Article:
Secret 7”, everyone’s favourite exhibition that brings the worlds of music, art and design together, is back for its sixth year. Opening tomorrow (8 June) at The Jetty in Greenwich Peninsula’s Summer Hub, the exhibition will be open until 23 June.
Starting with seven tracks from seven of the best-known musicians, Secret 7” presses each one 100 times to 7” vinyls. It then invites creatives from around the world to interpret each track, resulting in 700 unique sleeves which, after being exhibited, are sold for £50 each. This year the tracks interpreted are by Jeff Buckley, The Clash, Eurythmics, Jimi Hendrix, London Grammar, Manic Street Preachers and Primal Scream. The artists and designers on the other end include Jeremy Deller, Sir Anish Kapoor and Sir Paul Smith with plenty of It’s Nice That faves such as Chris (Simpson’s artist), Kyle Platts and Julian Glander also making their own 7”.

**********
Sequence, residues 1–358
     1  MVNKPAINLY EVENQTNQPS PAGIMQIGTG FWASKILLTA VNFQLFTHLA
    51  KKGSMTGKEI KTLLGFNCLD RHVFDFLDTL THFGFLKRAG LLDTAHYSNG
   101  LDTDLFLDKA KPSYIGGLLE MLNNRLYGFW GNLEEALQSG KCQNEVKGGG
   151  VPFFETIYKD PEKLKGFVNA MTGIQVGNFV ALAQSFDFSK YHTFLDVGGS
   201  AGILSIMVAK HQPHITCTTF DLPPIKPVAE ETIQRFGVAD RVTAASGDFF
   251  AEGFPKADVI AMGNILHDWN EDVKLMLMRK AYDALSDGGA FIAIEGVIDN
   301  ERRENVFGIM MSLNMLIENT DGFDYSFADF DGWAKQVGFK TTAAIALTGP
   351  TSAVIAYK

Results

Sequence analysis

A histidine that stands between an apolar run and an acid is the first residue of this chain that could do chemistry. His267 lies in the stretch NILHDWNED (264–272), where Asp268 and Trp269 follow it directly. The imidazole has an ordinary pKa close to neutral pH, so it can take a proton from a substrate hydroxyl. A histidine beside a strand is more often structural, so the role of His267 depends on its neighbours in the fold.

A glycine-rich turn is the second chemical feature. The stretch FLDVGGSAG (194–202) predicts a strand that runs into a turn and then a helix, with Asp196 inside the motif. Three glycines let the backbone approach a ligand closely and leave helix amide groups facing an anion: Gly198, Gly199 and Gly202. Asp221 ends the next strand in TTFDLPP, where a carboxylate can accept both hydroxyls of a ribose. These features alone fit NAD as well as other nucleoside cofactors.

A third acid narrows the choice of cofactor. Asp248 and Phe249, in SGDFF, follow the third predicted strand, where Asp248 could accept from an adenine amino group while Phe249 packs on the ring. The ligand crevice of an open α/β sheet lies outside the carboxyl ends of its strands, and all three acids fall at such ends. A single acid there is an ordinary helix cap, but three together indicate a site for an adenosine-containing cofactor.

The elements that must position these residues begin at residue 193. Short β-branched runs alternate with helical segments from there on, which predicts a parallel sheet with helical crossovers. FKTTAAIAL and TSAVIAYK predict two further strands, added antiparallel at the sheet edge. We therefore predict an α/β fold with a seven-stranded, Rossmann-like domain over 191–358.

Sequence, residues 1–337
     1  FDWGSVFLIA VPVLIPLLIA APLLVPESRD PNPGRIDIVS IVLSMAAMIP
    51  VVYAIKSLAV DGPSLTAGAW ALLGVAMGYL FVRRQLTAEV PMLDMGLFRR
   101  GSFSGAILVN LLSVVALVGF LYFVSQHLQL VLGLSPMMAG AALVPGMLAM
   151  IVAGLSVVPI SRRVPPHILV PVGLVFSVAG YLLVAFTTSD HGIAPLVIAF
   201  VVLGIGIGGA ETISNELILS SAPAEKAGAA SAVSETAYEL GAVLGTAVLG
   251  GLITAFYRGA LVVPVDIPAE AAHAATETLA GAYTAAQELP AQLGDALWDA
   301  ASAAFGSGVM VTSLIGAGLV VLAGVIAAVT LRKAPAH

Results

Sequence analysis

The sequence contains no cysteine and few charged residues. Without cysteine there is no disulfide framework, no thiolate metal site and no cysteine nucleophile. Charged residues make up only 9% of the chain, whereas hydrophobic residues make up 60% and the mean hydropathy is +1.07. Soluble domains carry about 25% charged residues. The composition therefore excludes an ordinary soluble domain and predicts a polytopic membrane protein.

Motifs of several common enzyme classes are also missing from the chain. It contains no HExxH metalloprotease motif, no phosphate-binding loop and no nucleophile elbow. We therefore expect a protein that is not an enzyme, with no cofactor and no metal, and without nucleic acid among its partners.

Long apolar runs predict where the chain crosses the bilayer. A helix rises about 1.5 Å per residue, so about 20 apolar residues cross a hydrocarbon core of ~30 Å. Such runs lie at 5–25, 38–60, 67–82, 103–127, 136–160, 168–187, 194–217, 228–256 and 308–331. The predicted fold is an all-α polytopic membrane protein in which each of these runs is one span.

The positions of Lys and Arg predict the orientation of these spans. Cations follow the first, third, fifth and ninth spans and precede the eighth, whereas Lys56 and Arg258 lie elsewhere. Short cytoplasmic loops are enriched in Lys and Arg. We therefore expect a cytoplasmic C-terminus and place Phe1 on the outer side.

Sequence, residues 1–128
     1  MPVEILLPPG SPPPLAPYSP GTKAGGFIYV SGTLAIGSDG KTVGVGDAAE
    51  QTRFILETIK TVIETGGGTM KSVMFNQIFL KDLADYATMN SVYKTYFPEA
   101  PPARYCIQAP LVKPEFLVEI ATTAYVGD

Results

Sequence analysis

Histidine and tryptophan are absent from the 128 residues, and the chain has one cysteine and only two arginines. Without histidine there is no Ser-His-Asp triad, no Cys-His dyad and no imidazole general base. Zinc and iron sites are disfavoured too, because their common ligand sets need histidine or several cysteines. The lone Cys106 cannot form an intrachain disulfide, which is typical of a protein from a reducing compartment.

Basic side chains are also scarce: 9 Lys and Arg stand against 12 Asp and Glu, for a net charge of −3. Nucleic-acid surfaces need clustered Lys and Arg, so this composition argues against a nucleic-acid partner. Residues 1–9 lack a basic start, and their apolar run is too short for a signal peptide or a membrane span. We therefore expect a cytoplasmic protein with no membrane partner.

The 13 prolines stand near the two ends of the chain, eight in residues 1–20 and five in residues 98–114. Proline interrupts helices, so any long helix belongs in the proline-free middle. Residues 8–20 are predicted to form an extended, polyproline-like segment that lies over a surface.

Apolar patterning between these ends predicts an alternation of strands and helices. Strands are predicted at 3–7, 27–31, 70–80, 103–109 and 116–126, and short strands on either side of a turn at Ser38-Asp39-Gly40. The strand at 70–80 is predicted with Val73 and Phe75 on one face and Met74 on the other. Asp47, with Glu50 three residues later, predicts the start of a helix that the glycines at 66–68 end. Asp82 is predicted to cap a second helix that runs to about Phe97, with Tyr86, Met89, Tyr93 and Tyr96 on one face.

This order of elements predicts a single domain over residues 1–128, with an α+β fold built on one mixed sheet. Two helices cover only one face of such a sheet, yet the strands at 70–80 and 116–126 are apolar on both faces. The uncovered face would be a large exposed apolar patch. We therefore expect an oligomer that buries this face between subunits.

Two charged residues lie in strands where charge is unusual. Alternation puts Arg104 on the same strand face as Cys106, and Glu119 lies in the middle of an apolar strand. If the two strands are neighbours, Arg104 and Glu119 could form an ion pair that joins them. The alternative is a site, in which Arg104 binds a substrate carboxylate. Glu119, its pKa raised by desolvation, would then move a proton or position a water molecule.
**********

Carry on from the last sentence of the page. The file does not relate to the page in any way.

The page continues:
On Sunday 24 June at 10 am, every record will go on sale, however, as always, the identity of each sleeve’s designer remains closely guarded until in the buyer’s hands. All profits from the sales will go to mental health charity Mind.
In celebration of this year’s partnership with Mind, Secret 7” has also partnered with Squarespace to launch Speak Your Mind. A collaboration between DIA Studio and Zach Lieberman, Speak Your Mind is a web-based generative expressive type application that allows users to create their own unique posters to be printed and displayed at the exhibition.
First, users select an emotion based on the seven featured in the musical tracks. Once selected, users can distort and customise their generative typographic artwork using a series of variables. By inverting the colours or changing the “look” users can then alter the artwork even further by interacting with a series of sliders that controls factors like leading, speed and scale.
For each generative artwork shared on social media, Squarespace will donate £1 to Mind up to an amount of £4000.
About the Author
Ruby joined the It’s Nice That team as an editorial assistant in September 2017 after graduating from the Graphic Communication Design course at Central Saint Martins. In April 2018, she became a staff writer and in August 2019, she was made associate editor.